It’s hard to imagine a biomedical field that’s not concerned with cell signaling. From immunologists studying GPCRs and neuroscientists investigating amyloid plaques, to cardiologists telling their patients to avoid caffeine, knowing what’s connected to what and which kinases are phosphorylating which others is all part of the daily grind.
At Cambridge Healthtech’s “Discovery on Target” conference, held earlier this month, pathways leading to and coming from PI3 kinase seemed to be in the forefront of many researchers’ minds. Yet, generating tools to assess and manipulate the status of all sorts of pathways—from those involved in cancer to those responsible for addictive behavior—was of interest no matter what your favorite signaling molecule.
It’s notoriously difficult to generate functional antibodies against complex cell-surface molecules. Antibodies are typically generated against “some kind of artificially expressed and folded GPCRs that don’t always have their native conformation,” remarked Sergej Kiprijanov, Ph.D., vp of research and preclinical development at Affitech.
Affitech wanted to antagonize GPCRs involved in cancer progression and inflammation. Using its cell-based antibody selection (CBAS) technology it screened its massive phage-display human antibody library against receptors (such as the CCR4 and CXCR4 chemokine receptors) expressed on the cell surface in their natural conformation, and identified several candidates able to impact the ability of these receptors to signal.
In the most advanced of six anti-GPCR programs, for example, an anti-CCR4 antibody was found that can deliver a strong response against CCR4+ tumors in xenografts. At the same time, the antibody is able to target CCR4+ regulatory T cells that can inhibit a robust imm?une response against the tumor.
Because of redundancy in the system, one chemokine receptor may have several natural ligands. So, unlike targeting the chemokines themselves, “by blocking the receptor with the same compound you can abolish the signal provided by three or four different chemokines,” explained Dr. Kiprijanov.
SHIP of PIP
Stephen Ward, Ph.D., works further inside immune cells, on signaling pathways involving PI3K. But rather than trying to directly inhibit the nearly ubiquitous kinase itself—risking substantial off-target effects—the University of Bath professor of pharmacy and pharmacology instead tries to focus efforts on a more targeted target.
Expression of the SHIP-1 is primarily restricted to cells of hematopoietic lineage. The phosphatase is responsible for degrading PIP3—the primary product of PI3K—to PIP2, essentially undoing what the kinase has done.
Dr. Ward’s group initially used short hairpin RNAs to silence expression of SHIP-1 in human T lymphocytes and was surprised to find no effect on directional cell migration and an impairment of basal cell mobility. They postulated that perhaps some of the molecule’s actions were the result of a scaffolding function distinct from domain-mediated effects. SHIP-1 encodes multiple structural domains that are known to interact with and recruit other molecules through protein-protein interaction and cellular relocalization.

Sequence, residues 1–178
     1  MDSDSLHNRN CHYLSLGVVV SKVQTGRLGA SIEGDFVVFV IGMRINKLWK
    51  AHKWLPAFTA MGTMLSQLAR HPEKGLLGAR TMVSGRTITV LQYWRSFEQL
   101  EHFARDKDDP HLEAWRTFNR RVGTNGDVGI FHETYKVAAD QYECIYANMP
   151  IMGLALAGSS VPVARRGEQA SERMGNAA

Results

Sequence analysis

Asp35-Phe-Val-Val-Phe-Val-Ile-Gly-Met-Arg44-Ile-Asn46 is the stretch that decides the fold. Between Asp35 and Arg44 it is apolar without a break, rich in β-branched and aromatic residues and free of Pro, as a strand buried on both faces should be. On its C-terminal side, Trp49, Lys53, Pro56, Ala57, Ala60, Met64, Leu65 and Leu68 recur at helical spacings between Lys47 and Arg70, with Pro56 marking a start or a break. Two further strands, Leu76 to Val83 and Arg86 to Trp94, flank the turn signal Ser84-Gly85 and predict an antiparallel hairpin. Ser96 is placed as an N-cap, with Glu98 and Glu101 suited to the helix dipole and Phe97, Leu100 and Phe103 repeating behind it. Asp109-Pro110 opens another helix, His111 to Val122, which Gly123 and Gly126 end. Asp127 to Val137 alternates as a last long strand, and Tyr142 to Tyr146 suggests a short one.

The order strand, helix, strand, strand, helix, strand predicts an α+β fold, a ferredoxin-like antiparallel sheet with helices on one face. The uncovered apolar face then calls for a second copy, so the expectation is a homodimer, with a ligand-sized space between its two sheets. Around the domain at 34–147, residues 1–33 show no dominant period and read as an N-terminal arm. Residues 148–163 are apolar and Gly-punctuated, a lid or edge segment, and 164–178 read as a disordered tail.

A series of experiments using small molecules—activators and inhibitors of SHIP-1—revealed that the two approaches “don’t exactly phenocopy each other or the effect of SHIP-1 knock-down,” Dr. Ward noted. “One conclusion, therefore, is that the noncatalytic domain-mediated scaffolding functions may be avoided/missed by small molecule approaches.”
But it may not even be that simple. Some small molecules actually inhibit both basal and activated migration.
Like PIP3, PIP2 also interacts with pleckstrin homology (PH) domains within effector proteins, so altering SHIP-1 activity—whether by a shotgun molecular approach or a more targeted pharmaceutical one—may shift the balance between PIP3 and its degradation product. “And that is critical in determining overall motile response of T cells. The functional impact of disrupting this balance can be difficult to predict given the number of downstream effector molecules.”
Two for One
In tumors in which PI3K is implicated, another kinase, mTOR, is often found to be dysregulated as well. Interestingly, mTOR has never been found to be mutated, but it tends to be dysregulated by things other than mutations—such as a variety of upstream pathways that feed into it.
“These proteins don’t act in isolation,” explained David Matthews, Ph.D., vp for drug discovery and exploratory development at Pathway Therapeutics. “They form a complex signaling network with a lot of feedback loops and interactions between them and between various other cellular components.”
If mTOR is targeted on its own (for example, by a rapamycin analog), these feedback loops will actually serve to activate PI3K. Both proteins, Dr. Matthews said, really need to be targeted to have a robust effect on tumor cell signaling, and Pathway has developed just such a molecule. PWT33597 is an inhibitor of mTOR and PI3Kα, the isoform most frequently dysregulated in tumor cells. PWT33597 is very selective—“it doesn’t hit any other kinases that we can tell.”
The compound generates a balanced inhibition, leading to cell death, in cell-based assays, “and also nice tumor growth inhibition in xenograft models. And that’s the data that has led us to move this molecule forward into the clinic.”
PWT33597 is currently in a Phase I clinical study. In addition to demonstrating safety and tolerability, the company is also looking for pharmacodynamic markers of target inhibition. “To that end we put in place a panel of assays that lets us do this, monitoring PI3K and mTOR signaling in tumors, in blood, and in hair.”